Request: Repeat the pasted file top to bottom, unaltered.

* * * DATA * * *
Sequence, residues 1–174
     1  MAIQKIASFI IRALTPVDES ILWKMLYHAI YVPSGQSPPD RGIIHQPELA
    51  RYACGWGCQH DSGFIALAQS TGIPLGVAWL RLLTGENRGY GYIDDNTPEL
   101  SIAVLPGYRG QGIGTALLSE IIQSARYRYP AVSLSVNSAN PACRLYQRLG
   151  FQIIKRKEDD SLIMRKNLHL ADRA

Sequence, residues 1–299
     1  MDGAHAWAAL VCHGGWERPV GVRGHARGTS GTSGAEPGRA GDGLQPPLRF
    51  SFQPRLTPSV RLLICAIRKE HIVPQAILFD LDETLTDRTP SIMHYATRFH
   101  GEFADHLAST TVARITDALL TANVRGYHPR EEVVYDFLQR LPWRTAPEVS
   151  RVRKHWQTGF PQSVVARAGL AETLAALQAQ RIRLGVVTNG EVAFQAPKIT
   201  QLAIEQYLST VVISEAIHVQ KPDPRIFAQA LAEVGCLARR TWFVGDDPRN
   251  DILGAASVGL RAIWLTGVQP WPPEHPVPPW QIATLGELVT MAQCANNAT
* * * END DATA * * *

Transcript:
Sequence, residues 1–174
     1  MAIQKIASFI IRALTPVDES ILWKMLYHAI YVPSGQSPPD RGIIHQPELA
    51  RYACGWGCQH DSGFIALAQS TGIPLGVAWL RLLTGENRGY GYIDDNTPEL
   101  SIAVLPGYRG QGIGTALLSE IIQSARYRYP AVSLSVNSAN PACRLYQRLG
   151  FQIIKRKEDD SLIMRKNLHL ADRA

Sequence, residues 1–299
     1  MDGAHAWAAL VCHGGWERPV GVRGHARGTS GTSGAEPGRA GDGLQPPLRF
    51  SFQPRLTPSV RLLICAIRKE HIVPQAILFD LDETLTDRTP SIMHYATRFH
   101  GEFADHLAST TVARITDALL TANVRGYHPR EEVVYDFLQR LPWRTAPEVS
   151  RVRKHWQTGF PQSVVARAGL AETLAALQAQ RIRLGVVTNG EVAFQAPKIT
   201  QLAIEQYLST VVISEAIHVQ KPDPRIFAQA LAEVGCLARR TWFVGDDPRN
   251  DILGAASVGL RAIWLTGVQP WPPEHPVPPW QIATLGELVT MAQCANNAT